Source Code, Screen Zombies & Book Trailers

Prompted by a fascinating discussion over on Wordpunks (18th Aug Podcast), I have decided to write a little blog on Book Trailers and give my take on them.

In order to differentiate between books and movies Simon created an analogy involving source code and machine code. Sounds complicated but coming from the viewpoint of a screenwriter I found it pretty spot on. I’m not going to go into that though, you can take yourselves over there and have a listen.

The charm of the written word has always been the readers ability to transcribe their own interpretations of what they are reading. A writer may describe a character (a good writer won’t), but there will always be enough room for each individual reader to create that character as a unique entity, different from everyone else’s, in their own minds. With a film on the other hand the visual aspect has already been done for you. It’s one of the common reasons why people often dislike the film of a book they’ve enjoyed, it simply differs too much from the version they created in their head.

What then is the book trailer?

We live in a rapidly changing technological environment and all the time our exposure to visual elements increases. I don’t have access to the figures, but I remember reading somewhere how 100 years ago a person may have been exposed to no more than a handful of visual images a day. A painting, a shop sign, whatever it may have been. Nowadays we are bombarded with literally thousands and our brains have adapted to process that information.

A recent article suggested that maybe social networking is causing our brains to adapt to quick snippets of information, causing us to loose concentration when reading something larger. Advertisers know that the way to quickly grasp someones attention is through the moving image. For the modern 21st century brain a video is a much preferred way of taking in information than the traditional picture of a book cover and piece of blurb.

Many of us from my generation (born 1975 me) tend to get nostalgic over various things like proper artwork on albums and books, heck I still don’t think you can beat a gatefold LP for artwork, but we are soon not going to be the main source of income for the companies that sell these projects. All media nowadays is visual media. Books were never advertised as videos because the two mediums were perceived to be completely incongruous to each other. With kids growing up in the era of the iPad there is no distinction between any of our media, our devices provide them all, but not only that they sell the products to us. What better way to get someone to buy an ebook than showing the trailer on the same device that they can then purchase and read the book?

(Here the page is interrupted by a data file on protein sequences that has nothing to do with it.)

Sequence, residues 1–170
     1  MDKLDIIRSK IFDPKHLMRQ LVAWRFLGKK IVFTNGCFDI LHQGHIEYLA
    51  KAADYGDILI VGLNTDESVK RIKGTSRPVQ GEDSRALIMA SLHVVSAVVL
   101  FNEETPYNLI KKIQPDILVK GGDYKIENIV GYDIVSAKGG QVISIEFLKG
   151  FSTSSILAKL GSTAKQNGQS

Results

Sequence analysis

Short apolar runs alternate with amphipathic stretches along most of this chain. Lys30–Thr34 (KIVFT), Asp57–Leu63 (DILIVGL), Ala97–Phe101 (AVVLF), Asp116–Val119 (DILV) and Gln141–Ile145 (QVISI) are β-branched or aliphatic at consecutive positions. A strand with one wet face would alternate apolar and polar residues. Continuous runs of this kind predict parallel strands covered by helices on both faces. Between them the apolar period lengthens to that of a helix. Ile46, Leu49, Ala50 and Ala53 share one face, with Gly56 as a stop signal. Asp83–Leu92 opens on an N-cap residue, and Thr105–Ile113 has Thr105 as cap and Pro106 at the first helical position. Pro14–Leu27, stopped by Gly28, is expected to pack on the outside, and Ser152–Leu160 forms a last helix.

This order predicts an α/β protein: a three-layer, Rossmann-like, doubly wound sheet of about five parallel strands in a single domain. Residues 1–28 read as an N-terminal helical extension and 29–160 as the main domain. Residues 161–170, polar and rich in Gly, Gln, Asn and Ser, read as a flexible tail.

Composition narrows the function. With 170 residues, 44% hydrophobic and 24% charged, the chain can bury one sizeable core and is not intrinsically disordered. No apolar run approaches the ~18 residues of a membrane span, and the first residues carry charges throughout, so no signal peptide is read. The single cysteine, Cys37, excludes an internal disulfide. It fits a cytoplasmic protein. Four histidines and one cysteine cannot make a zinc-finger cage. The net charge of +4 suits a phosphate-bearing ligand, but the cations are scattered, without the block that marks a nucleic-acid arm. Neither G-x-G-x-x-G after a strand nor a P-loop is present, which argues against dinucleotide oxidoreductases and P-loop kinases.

At this stage of the article I’m now going to let it be known I really don’t like book trailers. I should qualify that by saying I really wish they would let me make a book trailer because I would do it much better (only slightly tongue-in-cheek there). I don’t like book trailers now because they are cheap and tacky, badly shot on poor quality equipment generally, and quite often make people less inclined to buy the book rather than the other way round. I believe this will change though and as ebooks take off so will the book trailer.

The book trailer of the future I also don’t like, but here it’s not so easy to justify. Book Trailers of the future, I believe, will become glossier and better developed and they will include actors rather than simply moving stills and words. The reason I am sceptical about this future book trailer is that it will deceive far better than the current ones do. Any poorly written novel can be made to seem like the most awesome book on the planet if a stylish video can portray it that way. Now I love film trailers, I always look forward to watching them in the cinema, but by using my own logic a film trailer is also used to deceive a potential audience. Many a bad film has put all the best bits into its trailer or cut the trailer in such a way as to make the film seem much better than it really is, so what’s the difference?

The difference is that the film is using its own medium at least, it is taking chunks form its own product, but as book trailers get more and more sophisticated they will be using a different medium and a different artists skills to influence a potential buyers judgement on what they may experience when they encounter the product in the form of written words. We will base our decision on what to read by which book trailer visually stimulates us the most, this doesn’t make sense.

I shall wait to be convinced.

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